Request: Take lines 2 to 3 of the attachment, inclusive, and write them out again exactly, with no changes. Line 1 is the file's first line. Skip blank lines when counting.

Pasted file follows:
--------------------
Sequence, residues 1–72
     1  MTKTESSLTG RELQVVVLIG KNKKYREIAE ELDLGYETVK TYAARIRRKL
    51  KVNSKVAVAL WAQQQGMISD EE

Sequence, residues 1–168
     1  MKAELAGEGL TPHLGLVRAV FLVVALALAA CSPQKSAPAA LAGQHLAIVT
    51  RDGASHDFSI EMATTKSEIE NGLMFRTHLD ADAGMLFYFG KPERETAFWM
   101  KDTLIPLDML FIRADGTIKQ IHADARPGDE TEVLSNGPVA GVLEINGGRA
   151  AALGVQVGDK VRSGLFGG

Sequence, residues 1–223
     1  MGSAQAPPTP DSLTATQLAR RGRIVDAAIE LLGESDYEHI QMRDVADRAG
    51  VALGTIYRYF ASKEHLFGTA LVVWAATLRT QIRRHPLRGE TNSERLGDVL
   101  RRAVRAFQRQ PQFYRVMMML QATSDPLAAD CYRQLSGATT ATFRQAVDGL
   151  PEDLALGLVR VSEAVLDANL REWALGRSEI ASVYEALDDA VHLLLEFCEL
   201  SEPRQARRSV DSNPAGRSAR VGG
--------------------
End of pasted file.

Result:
     1  MTKTESSLTG RELQVVVLIG KNKKYREIAE ELDLGYETVK TYAARIRRKL
    51  KVNSKVAVAL WAQQQGMISD EE